Transit cargo makes up just 27 per cent of the total, but that proportion is likely to rise if the port keeps pace with the regional economic growth, which has taken off as politics stabilises in Kenya’s more strife-prone neighbours.

Plans for an extra berth, and eventually a whole new terminal, are on the drawing board, and the KPA is looking forward to draining a main channel to attract even bigger ships.

Cargo logjams continue – depriving east African industry of raw materials and delaying its exports – but the authority’s officials have chosen to place the blame elsewhere.

Mr Mwaruwa complained in a staff newsletter in March that importers were using the port as a storage area. The transport links from Mombasa to Nairobi and beyond are a long-running source of despair: the road is dilapidated and too dangerous to drive at night, while the train moves at a crawl and is running short of wagons. Others, however, say the port authorities can do more to address problems on its own patch, starting with corruption. KPA buildings in Mombasa are plastered with posters urging employees to resist graft. One cartoon shows a man in a T-shirt labelled with “food” and “roads” being dragged under water by a mean-looking fish called corruption.

But it is still rampant. Frederick Wahutu of the Kenya Ships Agents Association, says: “I’m glad they’re creating awareness. But the rot has been there for a long time and it takes a long time to remove.”

If, for example, a container is stuck at the bottom of a stack of five, he says a “facilitating payment” to a box-shifter is often the only way to get it out quickly. “So I know it’s wrong,” Capt Wahutu says, “but if I don’t do that I wait and wait and wait.”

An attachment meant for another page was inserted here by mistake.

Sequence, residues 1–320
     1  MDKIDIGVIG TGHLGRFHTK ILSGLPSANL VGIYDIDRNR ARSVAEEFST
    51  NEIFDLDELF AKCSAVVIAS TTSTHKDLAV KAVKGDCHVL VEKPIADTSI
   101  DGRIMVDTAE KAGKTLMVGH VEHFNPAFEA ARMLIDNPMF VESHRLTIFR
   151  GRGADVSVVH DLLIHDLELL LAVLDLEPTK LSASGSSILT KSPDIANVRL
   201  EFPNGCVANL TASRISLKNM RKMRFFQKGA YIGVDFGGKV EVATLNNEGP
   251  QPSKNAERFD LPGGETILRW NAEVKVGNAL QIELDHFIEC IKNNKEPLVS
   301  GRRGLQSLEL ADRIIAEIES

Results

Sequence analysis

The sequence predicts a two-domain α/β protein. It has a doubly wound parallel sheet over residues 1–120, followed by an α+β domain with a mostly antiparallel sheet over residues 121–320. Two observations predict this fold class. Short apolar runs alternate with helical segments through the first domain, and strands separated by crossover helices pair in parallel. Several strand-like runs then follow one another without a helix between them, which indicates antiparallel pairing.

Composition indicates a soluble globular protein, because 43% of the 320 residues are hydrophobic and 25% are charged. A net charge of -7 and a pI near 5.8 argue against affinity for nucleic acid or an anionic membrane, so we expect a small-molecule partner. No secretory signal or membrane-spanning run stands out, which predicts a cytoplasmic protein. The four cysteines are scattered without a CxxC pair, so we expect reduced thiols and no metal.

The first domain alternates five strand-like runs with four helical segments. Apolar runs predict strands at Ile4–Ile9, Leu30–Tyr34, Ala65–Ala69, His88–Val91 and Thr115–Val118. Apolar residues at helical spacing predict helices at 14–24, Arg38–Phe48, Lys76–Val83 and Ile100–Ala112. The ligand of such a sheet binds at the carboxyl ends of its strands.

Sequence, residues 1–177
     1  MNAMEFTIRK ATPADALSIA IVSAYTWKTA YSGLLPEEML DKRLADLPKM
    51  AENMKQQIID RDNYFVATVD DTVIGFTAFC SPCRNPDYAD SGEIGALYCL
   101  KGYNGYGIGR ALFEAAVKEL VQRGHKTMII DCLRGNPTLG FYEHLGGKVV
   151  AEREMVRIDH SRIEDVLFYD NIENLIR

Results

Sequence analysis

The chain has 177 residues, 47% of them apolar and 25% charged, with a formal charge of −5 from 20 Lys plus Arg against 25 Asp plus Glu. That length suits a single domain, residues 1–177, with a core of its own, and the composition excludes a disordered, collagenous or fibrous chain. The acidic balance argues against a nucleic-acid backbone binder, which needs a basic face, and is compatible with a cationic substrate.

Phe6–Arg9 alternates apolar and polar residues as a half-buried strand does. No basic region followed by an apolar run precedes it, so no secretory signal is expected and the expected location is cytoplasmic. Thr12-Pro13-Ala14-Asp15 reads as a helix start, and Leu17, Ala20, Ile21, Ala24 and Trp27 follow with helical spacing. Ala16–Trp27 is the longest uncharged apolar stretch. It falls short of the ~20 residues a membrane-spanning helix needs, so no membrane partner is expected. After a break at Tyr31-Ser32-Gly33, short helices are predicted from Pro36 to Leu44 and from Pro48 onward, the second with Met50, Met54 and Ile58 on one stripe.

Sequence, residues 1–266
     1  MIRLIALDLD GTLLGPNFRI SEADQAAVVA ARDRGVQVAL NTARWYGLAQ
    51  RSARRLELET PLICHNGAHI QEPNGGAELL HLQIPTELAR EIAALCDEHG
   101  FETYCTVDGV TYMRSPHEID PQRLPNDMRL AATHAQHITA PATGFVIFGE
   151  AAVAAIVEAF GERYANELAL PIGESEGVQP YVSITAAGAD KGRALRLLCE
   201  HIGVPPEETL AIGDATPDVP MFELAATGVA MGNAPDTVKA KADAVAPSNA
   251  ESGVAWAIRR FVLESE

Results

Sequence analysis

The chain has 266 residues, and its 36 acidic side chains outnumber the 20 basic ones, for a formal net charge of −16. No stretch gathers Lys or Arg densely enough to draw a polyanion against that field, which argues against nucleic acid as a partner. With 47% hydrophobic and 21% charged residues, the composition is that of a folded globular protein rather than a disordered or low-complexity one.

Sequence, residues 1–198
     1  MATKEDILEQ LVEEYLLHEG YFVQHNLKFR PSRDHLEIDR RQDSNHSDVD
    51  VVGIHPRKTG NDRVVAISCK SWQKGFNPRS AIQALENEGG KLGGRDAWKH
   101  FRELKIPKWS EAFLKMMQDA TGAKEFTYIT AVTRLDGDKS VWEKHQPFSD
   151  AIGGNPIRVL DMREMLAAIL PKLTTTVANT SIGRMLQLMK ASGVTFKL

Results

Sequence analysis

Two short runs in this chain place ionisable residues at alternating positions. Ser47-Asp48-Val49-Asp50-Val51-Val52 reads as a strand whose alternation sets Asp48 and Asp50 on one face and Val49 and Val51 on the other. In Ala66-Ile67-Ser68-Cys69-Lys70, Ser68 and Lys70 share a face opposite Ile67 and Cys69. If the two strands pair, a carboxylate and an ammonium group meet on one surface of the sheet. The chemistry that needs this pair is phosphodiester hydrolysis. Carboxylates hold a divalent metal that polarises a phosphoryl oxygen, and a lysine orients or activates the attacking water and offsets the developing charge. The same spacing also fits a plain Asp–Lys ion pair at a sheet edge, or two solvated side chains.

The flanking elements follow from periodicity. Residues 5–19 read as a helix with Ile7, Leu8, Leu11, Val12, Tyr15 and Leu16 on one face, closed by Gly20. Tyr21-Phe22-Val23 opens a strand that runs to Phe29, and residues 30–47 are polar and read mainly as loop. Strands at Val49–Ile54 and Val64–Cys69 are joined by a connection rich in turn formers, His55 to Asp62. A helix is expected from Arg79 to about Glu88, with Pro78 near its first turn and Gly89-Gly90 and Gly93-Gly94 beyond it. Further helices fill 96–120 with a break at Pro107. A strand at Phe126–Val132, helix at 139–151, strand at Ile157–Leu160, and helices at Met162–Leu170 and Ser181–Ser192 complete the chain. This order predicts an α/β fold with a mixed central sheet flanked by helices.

Another irritant is paper work and bureaucracy. It stems partly from the fact that there are multiple organisations on the quayside – the KPA (affiliated to the transport ministry), the Kenya Revenue Authority (affiliated to the finance ministry), the Kenya Bureau of Standards, and Kenya Plant Health Inspectorate Services – but there is no top dog.

“There are so many stoppages that by the time a shipment can move it’s been 10 days.

“It’s ridiculous,” says Capt Wahutu. “Why can’t the KPA take control and say: ‘You guys, you are lowering performance’?

To some, the biggest barrier to progress at all east African ports, Mombasa included, has been politics: both in-fighting among ministries and jostling between competing industry groups.

Richard Bridges, a transport consultant at Portman Associates who advised Mombasa on container shipping in the 1980s, says: “When you look around the world, where you see port concessions have come in, there has been a significant improvement in performance.”

Yet Mombasa remains firmly in state hands. “For some reason they’re not convinced,” says Mr Bridges. Cranes from overseas, it seems, are one thing. Managers are a different matter.